Prescot Market Place - a place for all

Design Competition (2017)

Prescot Market Place - a place for all

P23_Boards 2

We have identified 3 key points to underpin our design methodology and response to the brief.


Firstly, we believe the history of a town is not the residue of the past but an important and precious layer that adds to the richness of place. “The present must embrace the achievements of the past in order to acquire temporal depth and associated perspective” (Francis Strauven in Aldo van Eyck Works, p.30). In our proposal we have relinked the past layers of the site with the present. Former buildings and street patterns are reinstated as a printed memory within the surfaces of the square. In providing a shadow of the former market square, the past is used to inform the future that is richer and acknowledges the complexity of our current world.


Secondly, we aim to provide an inclusive square that promotes celebration, interaction and contemplation. Aldo Van Eyk’s “looking in looking out” diagram is our point of reference for the spatial arrangement of the site. The sloping site topography provides a natural amphitheatre, however rather than have a single focal point the site is allowed to cascade down into the town.  The terracing allows multiple opportunities for a variety of social and functional clusters.  Maintaining flexibility is important for the informality and casual use of the square.  Elements are introduced to the square to reinforce informality. Clad in blue glazed brick the amenity block is the site anchor. Large over scaled “urban sofas” create a sense of play and promotion of small gatherings. The stairs are interspersed with seating blocks similar to Indian stepped wells. Capitalising on the slope of the hill, the proposal includes a number of rain gardens where run-off water is directed from the hard surfaces into deliberate planting areas.  These are interactive and intended to provide the opportunity for participatory community gardening, whilst forming part of a larger network of linked quality green spaces throughout Prescot.  The design is intended to promote multiple uses including performances, markets, play and casual use. You can sit and watch or interact but always feel comfortable irrespective of age.


And thirdly, our proposal will help contribute to the creation of civic pride with a stronger sense of place by visually linking disparate existing buildings and urban elements. We propose to remove three trees on the axis with Sewell Street to open up the square and entry points along the street edge will be between carefully selected planting with seasonal colour. Such a move will provide a framed view of the cascading areas, better revealing the church steeple and memorial, culminating at the curved entry steps. Isolated and inward looking nodes will be linked with the greater Prescot context thereby acting as a plausible protagonist for social change.

P23_Boards 2
P23_Boards 1
P23_Publicity image

Design Competition (2017)

We have identified 3 key points to underpin our design methodology and response to the brief.


Firstly, we believe the history of a town is not the residue of the past but an important and precious layer that adds to the richness of place. “The present must embrace the achievements of the past in order to acquire temporal depth and associated perspective” (Francis Strauven in Aldo van Eyck Works, p.30). In our proposal we have relinked the past layers of the site with the present. Former buildings and street patterns are reinstated as a printed memory within the surfaces of the square. In providing a shadow of the former market square, the past is used to inform the future that is richer and acknowledges the complexity of our current world.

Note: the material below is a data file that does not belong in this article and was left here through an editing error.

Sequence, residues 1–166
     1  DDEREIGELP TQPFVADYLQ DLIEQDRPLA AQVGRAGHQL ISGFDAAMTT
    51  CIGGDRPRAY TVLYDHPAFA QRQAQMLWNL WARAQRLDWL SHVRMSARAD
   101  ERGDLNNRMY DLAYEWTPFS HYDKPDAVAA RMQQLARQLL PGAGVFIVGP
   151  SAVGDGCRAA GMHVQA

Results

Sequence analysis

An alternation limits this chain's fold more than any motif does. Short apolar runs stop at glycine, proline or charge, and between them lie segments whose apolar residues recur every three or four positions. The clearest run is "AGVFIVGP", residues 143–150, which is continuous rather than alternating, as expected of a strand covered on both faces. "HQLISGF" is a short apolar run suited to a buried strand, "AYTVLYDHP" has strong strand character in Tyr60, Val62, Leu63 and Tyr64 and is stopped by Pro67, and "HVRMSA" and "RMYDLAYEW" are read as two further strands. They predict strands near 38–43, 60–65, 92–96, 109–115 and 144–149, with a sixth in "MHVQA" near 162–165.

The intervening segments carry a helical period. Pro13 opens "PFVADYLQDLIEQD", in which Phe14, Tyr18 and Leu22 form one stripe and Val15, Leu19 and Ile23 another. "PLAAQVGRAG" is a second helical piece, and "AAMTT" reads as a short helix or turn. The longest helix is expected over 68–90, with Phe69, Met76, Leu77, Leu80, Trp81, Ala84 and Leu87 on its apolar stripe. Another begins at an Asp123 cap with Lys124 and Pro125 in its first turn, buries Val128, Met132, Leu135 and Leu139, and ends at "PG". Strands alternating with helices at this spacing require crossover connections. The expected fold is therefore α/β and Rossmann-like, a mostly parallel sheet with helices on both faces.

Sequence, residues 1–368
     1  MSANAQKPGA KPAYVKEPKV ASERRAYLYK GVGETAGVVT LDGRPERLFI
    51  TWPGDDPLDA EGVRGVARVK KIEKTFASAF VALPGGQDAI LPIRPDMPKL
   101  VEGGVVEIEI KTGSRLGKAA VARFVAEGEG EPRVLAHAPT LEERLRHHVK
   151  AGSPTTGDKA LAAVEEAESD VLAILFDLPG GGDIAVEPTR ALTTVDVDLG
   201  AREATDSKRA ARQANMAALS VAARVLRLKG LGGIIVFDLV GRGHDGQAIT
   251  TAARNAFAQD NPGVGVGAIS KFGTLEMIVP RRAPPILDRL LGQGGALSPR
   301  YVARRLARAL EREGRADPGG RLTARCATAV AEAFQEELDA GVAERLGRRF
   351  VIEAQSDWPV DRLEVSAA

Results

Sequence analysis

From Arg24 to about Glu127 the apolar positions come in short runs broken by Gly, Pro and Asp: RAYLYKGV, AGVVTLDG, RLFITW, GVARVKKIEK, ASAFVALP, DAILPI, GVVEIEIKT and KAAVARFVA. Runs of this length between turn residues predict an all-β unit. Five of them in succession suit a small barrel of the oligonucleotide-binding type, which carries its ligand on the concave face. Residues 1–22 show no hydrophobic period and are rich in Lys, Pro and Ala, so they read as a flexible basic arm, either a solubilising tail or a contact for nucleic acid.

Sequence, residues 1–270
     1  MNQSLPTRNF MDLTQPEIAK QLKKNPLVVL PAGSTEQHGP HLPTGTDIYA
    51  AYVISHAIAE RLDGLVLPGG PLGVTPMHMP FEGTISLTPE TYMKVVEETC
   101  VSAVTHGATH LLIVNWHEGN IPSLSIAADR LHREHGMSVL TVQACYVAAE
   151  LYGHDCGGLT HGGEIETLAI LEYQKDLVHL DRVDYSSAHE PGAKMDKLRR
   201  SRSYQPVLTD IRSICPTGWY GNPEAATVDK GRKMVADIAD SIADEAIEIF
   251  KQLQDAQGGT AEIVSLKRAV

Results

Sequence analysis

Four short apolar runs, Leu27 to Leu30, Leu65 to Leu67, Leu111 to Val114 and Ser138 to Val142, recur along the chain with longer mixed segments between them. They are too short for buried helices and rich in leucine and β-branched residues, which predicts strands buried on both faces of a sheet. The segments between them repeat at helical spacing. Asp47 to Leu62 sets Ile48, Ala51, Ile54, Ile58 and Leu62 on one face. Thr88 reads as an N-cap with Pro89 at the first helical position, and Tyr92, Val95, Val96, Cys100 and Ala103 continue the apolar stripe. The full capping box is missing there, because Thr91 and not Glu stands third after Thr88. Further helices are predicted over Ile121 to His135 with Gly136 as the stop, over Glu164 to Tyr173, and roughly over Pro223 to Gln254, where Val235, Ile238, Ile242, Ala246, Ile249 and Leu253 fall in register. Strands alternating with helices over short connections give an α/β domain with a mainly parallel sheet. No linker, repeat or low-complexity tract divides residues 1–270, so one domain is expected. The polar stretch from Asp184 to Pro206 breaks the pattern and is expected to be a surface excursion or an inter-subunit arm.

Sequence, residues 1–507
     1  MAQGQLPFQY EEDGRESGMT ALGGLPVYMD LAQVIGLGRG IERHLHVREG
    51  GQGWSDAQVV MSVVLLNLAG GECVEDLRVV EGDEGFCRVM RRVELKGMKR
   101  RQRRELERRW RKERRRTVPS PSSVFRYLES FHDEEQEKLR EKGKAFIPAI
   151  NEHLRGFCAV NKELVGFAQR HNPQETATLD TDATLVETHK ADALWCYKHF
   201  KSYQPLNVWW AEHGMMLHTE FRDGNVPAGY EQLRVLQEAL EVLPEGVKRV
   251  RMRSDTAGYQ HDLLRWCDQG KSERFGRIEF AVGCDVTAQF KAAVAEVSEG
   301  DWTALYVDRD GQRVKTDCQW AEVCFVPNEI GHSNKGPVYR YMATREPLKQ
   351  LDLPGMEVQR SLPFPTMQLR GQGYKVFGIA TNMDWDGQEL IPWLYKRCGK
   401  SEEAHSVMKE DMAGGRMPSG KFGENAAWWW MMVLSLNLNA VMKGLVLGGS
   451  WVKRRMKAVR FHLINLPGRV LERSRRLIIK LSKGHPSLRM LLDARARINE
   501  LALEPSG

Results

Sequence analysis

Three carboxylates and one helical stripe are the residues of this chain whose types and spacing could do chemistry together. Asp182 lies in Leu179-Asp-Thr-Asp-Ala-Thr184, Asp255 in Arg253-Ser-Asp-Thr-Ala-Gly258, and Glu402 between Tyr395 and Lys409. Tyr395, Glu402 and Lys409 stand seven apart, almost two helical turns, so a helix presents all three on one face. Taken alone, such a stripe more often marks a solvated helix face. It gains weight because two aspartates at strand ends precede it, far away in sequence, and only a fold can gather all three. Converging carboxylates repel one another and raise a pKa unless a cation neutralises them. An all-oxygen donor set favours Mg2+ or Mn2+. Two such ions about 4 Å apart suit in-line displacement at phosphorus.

Secondly, we aim to provide an inclusive square that promotes celebration, interaction and contemplation. Aldo Van Eyk’s “looking in looking out” diagram is our point of reference for the spatial arrangement of the site. The sloping site topography provides a natural amphitheatre, however rather than have a single focal point the site is allowed to cascade down into the town.  The terracing allows multiple opportunities for a variety of social and functional clusters.  Maintaining flexibility is important for the informality and casual use of the square.  Elements are introduced to the square to reinforce informality. Clad in blue glazed brick the amenity block is the site anchor. Large over scaled “urban sofas” create a sense of play and promotion of small gatherings. The stairs are interspersed with seating blocks similar to Indian stepped wells. Capitalising on the slope of the hill, the proposal includes a number of rain gardens where run-off water is directed from the hard surfaces into deliberate planting areas.  These are interactive and intended to provide the opportunity for participatory community gardening, whilst forming part of a larger network of linked quality green spaces throughout Prescot.  The design is intended to promote multiple uses including performances, markets, play and casual use. You can sit and watch or interact but always feel comfortable irrespective of age.


And thirdly, our proposal will help contribute to the creation of civic pride with a stronger sense of place by visually linking disparate existing buildings and urban elements. We propose to remove three trees on the axis with Sewell Street to open up the square and entry points along the street edge will be between carefully selected planting with seasonal colour. Such a move will provide a framed view of the cascading areas, better revealing the church steeple and memorial, culminating at the curved entry steps. Isolated and inward looking nodes will be linked with the greater Prescot context thereby acting as a plausible protagonist for social change.